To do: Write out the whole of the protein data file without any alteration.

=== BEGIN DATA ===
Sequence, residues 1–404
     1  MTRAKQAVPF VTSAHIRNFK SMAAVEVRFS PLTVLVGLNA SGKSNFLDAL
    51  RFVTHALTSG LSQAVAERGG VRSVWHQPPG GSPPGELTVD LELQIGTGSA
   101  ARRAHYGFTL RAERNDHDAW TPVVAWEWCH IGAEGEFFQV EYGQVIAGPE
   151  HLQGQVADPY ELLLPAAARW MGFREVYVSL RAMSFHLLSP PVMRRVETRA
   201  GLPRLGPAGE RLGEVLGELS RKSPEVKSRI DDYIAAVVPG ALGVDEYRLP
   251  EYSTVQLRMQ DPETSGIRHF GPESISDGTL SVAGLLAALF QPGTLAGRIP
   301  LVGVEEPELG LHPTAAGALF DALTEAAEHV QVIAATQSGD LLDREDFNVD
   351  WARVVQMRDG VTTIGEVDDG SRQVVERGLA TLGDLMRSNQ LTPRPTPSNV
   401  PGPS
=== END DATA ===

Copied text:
Sequence, residues 1–404
     1  MTRAKQAVPF VTSAHIRNFK SMAAVEVRFS PLTVLVGLNA SGKSNFLDAL
    51  RFVTHALTSG LSQAVAERGG VRSVWHQPPG GSPPGELTVD LELQIGTGSA
   101  ARRAHYGFTL RAERNDHDAW TPVVAWEWCH IGAEGEFFQV EYGQVIAGPE
   151  HLQGQVADPY ELLLPAAARW MGFREVYVSL RAMSFHLLSP PVMRRVETRA
   201  GLPRLGPAGE RLGEVLGELS RKSPEVKSRI DDYIAAVVPG ALGVDEYRLP
   251  EYSTVQLRMQ DPETSGIRHF GPESISDGTL SVAGLLAALF QPGTLAGRIP
   301  LVGVEEPELG LHPTAAGALF DALTEAAEHV QVIAATQSGD LLDREDFNVD
   351  WARVVQMRDG VTTIGEVDDG SRQVVERGLA TLGDLMRSNQ LTPRPTPSNV
   401  PGPS